What’s posted on Twitter inspires headlines, but looking at the last few years of stories about Twitter itself? Not so inspirational.Â
Rampant abuse is leading high-profile celebrities to abandon the service. Same with c-suite executives and other prominent users. As for everyone else, user growth has all but stalled.Â
Twitter’s aspirations of being acquired suddenly fell under a flood of media reports (which included, pretty much everywhere, reports of the aforementioned harassment problem). The dismay is plainly shown in its three-year stock chart, which investorsâ those who control the valuation of Twitterâ have watched languish.
“Twitter needs to reverse that narrative, not just stop the bleeding,” said Jeff Reeves, analyst and executive editor at InvestorPlace.com.
Enter Leslie Berland.Â
The 39-year-old New Yorker joined Twitter almost a year ago as its first-ever chief marketing officer. Twitter hired Berland from American Express, where she worked for more than 10 years, most recently, leading their digital partnerships. At Twitter, she’s trying to shape and tell the story of what Twitter’s been, what it is and what it could be.Â
“Weâre the place that you can check everything. Same thing I do every morning. Iâm checking throughout the day, and I check it before I go to sleep to see whatâs happening,” Berland said, fresh off a 15-minute, one-woman presentation at the Consumer Electronics Show in Las Vegas last week.Â
Berland joined as a key advocate and strategist among a slew of several major executives departures in the last year. She, along with newly-appointed Chief Operating Officer Anthony Noto and new product lead Keith Coleman, spent their time at CES telling advertisers and publishers this new story, attempting to dispel what they see as misconceptions about the company.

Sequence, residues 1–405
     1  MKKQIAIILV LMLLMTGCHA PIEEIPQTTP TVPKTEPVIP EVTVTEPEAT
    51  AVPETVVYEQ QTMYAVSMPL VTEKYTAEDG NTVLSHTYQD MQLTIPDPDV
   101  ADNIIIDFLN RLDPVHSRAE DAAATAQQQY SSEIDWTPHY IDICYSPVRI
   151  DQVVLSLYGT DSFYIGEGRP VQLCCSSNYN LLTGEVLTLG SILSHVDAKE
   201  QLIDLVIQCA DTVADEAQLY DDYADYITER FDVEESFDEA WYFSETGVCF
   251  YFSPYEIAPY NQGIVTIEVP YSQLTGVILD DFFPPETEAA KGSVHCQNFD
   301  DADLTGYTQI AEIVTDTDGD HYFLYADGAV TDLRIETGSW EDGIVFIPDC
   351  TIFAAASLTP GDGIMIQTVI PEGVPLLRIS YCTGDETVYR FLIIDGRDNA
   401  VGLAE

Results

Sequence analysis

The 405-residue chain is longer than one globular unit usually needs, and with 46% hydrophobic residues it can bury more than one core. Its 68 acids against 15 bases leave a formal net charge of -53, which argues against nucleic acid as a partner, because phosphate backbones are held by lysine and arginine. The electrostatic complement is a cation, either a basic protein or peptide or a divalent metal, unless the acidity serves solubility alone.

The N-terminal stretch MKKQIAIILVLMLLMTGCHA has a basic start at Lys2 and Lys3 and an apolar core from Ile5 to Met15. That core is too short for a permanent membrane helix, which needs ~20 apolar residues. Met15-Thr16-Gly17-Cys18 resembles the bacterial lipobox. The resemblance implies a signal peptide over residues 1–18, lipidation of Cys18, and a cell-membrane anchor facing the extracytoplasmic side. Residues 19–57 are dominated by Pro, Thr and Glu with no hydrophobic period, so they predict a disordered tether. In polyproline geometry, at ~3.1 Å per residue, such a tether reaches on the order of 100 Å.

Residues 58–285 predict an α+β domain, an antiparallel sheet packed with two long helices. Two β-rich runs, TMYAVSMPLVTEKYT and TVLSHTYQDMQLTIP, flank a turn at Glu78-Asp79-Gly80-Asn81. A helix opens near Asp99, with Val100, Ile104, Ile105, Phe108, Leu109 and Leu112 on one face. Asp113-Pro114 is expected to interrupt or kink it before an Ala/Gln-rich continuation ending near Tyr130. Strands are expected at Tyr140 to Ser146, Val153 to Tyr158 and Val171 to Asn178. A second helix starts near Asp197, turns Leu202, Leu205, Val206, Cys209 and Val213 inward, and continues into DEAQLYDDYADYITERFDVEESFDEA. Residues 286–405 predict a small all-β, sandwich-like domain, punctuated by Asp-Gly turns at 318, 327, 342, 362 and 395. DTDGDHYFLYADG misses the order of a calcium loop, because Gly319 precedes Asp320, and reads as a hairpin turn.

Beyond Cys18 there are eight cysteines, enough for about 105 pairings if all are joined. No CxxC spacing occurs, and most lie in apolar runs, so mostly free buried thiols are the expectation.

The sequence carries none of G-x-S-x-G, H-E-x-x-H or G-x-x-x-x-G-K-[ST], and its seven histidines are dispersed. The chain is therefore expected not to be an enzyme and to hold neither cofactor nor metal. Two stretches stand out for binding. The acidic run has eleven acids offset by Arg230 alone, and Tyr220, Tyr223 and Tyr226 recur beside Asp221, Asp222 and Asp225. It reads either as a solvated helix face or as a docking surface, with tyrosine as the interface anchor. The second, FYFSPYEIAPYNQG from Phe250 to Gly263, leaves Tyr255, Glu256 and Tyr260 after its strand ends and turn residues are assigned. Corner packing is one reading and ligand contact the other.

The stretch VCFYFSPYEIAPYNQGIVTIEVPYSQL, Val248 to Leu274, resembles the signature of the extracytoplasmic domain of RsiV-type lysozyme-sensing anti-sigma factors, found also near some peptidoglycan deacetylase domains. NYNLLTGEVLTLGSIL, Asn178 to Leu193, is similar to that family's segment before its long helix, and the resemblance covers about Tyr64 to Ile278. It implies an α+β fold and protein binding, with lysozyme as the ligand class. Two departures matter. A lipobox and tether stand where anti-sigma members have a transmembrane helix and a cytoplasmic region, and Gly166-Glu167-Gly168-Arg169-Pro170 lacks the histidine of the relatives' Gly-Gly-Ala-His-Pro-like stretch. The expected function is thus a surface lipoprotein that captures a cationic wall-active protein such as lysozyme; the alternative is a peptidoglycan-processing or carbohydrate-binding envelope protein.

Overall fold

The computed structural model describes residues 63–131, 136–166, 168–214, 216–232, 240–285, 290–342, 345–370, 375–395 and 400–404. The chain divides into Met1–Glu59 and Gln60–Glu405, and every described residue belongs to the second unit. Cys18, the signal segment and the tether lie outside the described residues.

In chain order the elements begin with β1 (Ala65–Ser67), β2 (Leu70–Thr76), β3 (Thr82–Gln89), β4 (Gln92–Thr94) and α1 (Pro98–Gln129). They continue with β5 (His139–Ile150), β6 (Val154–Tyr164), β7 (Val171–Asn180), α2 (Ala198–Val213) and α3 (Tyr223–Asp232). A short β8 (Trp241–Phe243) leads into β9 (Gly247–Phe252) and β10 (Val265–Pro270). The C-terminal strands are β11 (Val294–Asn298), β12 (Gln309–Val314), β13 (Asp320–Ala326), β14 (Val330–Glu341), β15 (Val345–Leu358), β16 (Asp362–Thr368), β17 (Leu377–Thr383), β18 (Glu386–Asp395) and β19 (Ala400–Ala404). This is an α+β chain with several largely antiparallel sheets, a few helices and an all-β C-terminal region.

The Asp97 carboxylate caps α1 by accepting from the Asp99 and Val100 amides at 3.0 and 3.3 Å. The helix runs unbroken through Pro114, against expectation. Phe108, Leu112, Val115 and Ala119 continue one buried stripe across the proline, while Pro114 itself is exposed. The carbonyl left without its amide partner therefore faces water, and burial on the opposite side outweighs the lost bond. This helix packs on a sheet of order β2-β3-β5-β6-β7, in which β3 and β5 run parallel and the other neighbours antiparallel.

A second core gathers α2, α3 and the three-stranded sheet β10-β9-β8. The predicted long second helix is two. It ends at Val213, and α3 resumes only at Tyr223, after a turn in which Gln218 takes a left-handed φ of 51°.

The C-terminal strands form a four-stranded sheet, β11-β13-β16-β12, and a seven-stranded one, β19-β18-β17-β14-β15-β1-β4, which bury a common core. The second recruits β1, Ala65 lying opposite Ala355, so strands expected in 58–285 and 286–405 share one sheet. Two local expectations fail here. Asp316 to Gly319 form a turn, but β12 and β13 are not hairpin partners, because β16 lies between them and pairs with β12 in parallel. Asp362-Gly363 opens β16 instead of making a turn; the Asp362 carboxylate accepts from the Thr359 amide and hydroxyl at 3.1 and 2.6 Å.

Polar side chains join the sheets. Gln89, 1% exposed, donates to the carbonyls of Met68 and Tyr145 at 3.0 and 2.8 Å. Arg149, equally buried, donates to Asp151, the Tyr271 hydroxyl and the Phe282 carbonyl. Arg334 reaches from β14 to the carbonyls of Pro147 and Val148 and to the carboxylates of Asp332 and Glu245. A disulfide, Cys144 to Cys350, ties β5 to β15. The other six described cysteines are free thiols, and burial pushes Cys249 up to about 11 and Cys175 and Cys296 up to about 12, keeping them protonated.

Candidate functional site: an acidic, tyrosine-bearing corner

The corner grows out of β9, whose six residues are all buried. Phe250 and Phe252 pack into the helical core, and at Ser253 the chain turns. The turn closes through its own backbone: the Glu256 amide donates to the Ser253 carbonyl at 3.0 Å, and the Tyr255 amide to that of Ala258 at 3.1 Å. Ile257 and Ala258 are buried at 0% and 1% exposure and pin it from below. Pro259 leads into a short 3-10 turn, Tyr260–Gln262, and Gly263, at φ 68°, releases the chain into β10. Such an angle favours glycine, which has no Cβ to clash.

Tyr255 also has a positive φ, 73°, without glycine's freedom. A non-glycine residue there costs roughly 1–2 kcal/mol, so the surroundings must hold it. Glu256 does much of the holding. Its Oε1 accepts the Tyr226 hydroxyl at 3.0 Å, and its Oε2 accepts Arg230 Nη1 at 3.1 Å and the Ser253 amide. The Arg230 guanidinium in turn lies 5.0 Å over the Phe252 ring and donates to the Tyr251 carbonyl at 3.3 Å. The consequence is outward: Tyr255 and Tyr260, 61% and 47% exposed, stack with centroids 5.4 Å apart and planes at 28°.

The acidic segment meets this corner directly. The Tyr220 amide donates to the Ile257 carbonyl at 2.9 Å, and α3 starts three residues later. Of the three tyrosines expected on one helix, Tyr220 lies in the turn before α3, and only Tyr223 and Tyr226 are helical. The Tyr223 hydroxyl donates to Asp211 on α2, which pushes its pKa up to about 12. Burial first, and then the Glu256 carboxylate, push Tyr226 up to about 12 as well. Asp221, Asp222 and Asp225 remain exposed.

But the challenge ahead involves speaking to and prioritizing two groups of Twitter users: those who love it and those who don’t get it. Priority number one is curbing abuse, Berland said. Priority number two is explaining Twitter, and investing in that effortâsomething the company barely did before she was hired.Â
âI believe everyone wants us to win, to succeed and be better. And, by the way, you canât say that about a lot of companies out there.”
Why donât you use Twitter?
One of the main narratives against Twitter is its stagnant growth. While Facebook has risen to more than 1 billion daily active users, Twitter has 317 million monthly active users. Twitter doesn’t disclose a daily number, but it’s expected to be around 140 million. That’s far less than Snapchat’s 150 million and Instagram’s 300 million.Â
Twitter could exist without substantially growing, and yet, Berland said she’s focused on finding out why someone wouldn’t join. In a study conducted in June, Twitter asked people who don’t use Twitter all over the world, “What do you think Twitter is for, and why don’t you use Twitter?”
Through that research, the team identified three barriers:Â
“One of the things we found that was amazing is that people described Twitter in lots of different ways,” Berland said during her presentation.Â
“We were a platform, a product, a service, a watercooler, a town square, a microphone, and we are every single one of those things, but we realized that the people who donât use Twitter are really confused of what we are for.”
As Berland etched out the three barriers on stage, and her slide went out on Twitter, people on Twitter retweeted the image, asking a similar question:
Despite what the slide showed, abuse on Twitter has been viewed as one of the main drivers to why growth has stagnated and at times shrunk. It ‘s led several celebrities, including actress Leslie Jones, to abandon the network, and it reportedly contributed to Walt Disney Company backing out of a bid to acquire Twitter late last year.Â
And yet, abuse didn’t make the cut as a top reason for why people don’t use Twitter based on the company’s internal research.
“It just wasnât the top three,” Berland said, in an interview after the presentation.Â
“Thereâs abuse and then thereâs the perception of abuse. We are obsessed with dealing with abuse on the platform. Before we get into marketing, communications and everything like that, weâre working to fix this issue on our platform.”